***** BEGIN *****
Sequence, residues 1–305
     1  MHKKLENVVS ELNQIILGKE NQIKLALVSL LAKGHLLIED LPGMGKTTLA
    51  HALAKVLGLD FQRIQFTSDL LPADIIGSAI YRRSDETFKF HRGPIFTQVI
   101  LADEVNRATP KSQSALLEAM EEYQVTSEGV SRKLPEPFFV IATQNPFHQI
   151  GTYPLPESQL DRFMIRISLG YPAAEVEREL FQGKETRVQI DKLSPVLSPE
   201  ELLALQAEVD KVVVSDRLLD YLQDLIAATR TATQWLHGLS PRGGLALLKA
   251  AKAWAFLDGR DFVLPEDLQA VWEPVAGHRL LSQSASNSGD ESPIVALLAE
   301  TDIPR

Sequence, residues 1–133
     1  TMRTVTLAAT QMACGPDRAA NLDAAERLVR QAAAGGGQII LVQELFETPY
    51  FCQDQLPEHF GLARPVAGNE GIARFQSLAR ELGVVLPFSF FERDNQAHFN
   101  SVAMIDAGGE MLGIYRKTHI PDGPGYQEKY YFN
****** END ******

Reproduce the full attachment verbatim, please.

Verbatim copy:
Sequence, residues 1–305
     1  MHKKLENVVS ELNQIILGKE NQIKLALVSL LAKGHLLIED LPGMGKTTLA
    51  HALAKVLGLD FQRIQFTSDL LPADIIGSAI YRRSDETFKF HRGPIFTQVI
   101  LADEVNRATP KSQSALLEAM EEYQVTSEGV SRKLPEPFFV IATQNPFHQI
   151  GTYPLPESQL DRFMIRISLG YPAAEVEREL FQGKETRVQI DKLSPVLSPE
   201  ELLALQAEVD KVVVSDRLLD YLQDLIAATR TATQWLHGLS PRGGLALLKA
   251  AKAWAFLDGR DFVLPEDLQA VWEPVAGHRL LSQSASNSGD ESPIVALLAE
   301  TDIPR

Sequence, residues 1–133
     1  TMRTVTLAAT QMACGPDRAA NLDAAERLVR QAAAGGGQII LVQELFETPY
    51  FCQDQLPEHF GLARPVAGNE GIARFQSLAR ELGVVLPFSF FERDNQAHFN
   101  SVAMIDAGGE MLGIYRKTHI PDGPGYQEKY YFN